And it’s sort of amazing that we can experience the same fruit that they did.
But first we had to wait a month. The season here is late compared to the rest of Southern Thailand. So we told Ya to call us when the durians started dropping, and on August 22, 2020 we got the call.
Tasting Ancient Durian
Luckily, my friend Mark Wiens from Migrationology was passing by on his way north as we were headed south on a pilgrimage to the Ancient Durian Tree.
We met up at Armya At Home and headed out to see if the 300-Year-Old Durian Tree had dropped any durians for us that day!
The tree is so old it produces very few fruits per season. This year (2020) Lung Chet estimated there were only 15 fruits on the whole tree.
So we were lucky to find 2 whole fruits that day! Even if one had been nibbled on by a squirrel.
On opening it, the first thing we noticed was that several pieces had a strange, white and orange marbling on the flesh. Other pieces were a pure, luscious, pearly white.
They smelled amazing, with that gassy, cold, spearmint, back-of-your-face aroma that makes you know a durian is going to be tasty.
Or if you’re Pa Tin, foul เหม็น.
The flesh was very thick and sticky, almost like cookie-dough in texture, and not overtly sweet. They had a sort of brown sugar sweetness, more mellow, mixed with the intensity of the creamy-fattiness and a hint of alcohol.
Mark filmed a video that will be released at some point in the future. I’ll add that link whenever it’s ready.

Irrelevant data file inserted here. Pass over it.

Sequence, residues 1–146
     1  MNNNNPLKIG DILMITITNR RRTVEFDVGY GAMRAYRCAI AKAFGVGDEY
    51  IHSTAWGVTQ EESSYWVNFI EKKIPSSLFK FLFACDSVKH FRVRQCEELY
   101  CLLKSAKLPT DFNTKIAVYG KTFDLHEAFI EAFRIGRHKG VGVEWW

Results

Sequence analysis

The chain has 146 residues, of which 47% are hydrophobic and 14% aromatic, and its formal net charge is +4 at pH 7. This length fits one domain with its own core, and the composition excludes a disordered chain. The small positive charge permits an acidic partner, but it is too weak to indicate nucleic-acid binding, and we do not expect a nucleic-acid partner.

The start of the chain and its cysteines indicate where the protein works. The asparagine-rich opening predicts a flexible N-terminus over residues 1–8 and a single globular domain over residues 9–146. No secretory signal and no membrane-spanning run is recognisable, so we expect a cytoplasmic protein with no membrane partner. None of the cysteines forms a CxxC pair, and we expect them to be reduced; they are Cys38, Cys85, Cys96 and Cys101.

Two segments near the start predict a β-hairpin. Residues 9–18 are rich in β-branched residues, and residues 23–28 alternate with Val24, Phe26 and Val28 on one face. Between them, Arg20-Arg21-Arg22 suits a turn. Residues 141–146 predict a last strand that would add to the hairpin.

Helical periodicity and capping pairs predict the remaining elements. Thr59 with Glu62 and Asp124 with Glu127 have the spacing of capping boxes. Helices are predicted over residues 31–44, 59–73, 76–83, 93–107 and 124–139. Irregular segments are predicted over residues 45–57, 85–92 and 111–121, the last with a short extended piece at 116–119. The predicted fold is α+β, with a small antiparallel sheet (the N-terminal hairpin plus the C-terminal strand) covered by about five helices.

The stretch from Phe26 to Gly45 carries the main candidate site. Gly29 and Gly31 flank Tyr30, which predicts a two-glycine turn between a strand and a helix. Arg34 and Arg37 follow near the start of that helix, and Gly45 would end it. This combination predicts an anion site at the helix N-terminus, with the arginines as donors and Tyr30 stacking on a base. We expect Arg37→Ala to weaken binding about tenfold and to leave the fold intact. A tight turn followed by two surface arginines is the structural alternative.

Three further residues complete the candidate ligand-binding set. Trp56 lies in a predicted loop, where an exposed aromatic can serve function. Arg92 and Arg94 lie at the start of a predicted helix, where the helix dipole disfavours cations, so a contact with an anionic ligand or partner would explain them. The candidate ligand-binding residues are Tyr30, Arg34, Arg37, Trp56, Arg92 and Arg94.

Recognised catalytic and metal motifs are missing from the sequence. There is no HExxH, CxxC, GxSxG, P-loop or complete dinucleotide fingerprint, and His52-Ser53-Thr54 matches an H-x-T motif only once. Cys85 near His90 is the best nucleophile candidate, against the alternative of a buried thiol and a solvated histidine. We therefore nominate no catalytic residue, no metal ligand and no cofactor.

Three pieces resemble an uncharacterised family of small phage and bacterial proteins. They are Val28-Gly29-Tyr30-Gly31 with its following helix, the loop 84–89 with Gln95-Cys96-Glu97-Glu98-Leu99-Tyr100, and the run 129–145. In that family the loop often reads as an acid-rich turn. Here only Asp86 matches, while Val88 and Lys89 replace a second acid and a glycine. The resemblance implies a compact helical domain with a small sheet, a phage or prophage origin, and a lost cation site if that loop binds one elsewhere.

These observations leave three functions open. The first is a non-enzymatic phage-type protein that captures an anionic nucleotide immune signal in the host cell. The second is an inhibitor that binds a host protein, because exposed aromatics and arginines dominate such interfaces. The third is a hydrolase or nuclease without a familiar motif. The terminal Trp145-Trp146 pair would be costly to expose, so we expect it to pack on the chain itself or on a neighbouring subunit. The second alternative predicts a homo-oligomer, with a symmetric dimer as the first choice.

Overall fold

Visiting the Abandoned Communist Camp at Ban Khao Kaew
The Tourism Authority of Thailand suggested that the abandoned Communist Camp at Ban Khao Kaew was a good way to visit history.
At the former CPT base, there are still traces of houses, a kitchen, a mess hall, a hospital, a political and military school, a football field, caves and booby traps.
So with curiosity, we set out on the 1.2km one-way trek through a gorgeous and relatively easy jungle trail to the former CPT base camp.
The trail was well-marked all the way with signs in the Thai language, so we knew we hadn’t wandered off trail.
Turning right lead to a limestone cave with natural stalagmites where the CPT fighters took shelter during bombing raids. On the way there was a sign that we had reached the old mess hall site, but we couldn’t see anything but trees.
Heading straight (left) led to swampy trail and down into some caves with a Buddhist shrine.
I’m not sure what I expected to find 30 years after the Communists had disbanded and gone home. Maybe some crumbling buildings, some red flags. Instead we mostly saw more super gigantic trees.
It was a beautiful walk, but I felt like we would have learned much more if we’d had a tour guide with us to translate and explain.
How To Visit Baan Khao Pu & the Ancient Durian Tree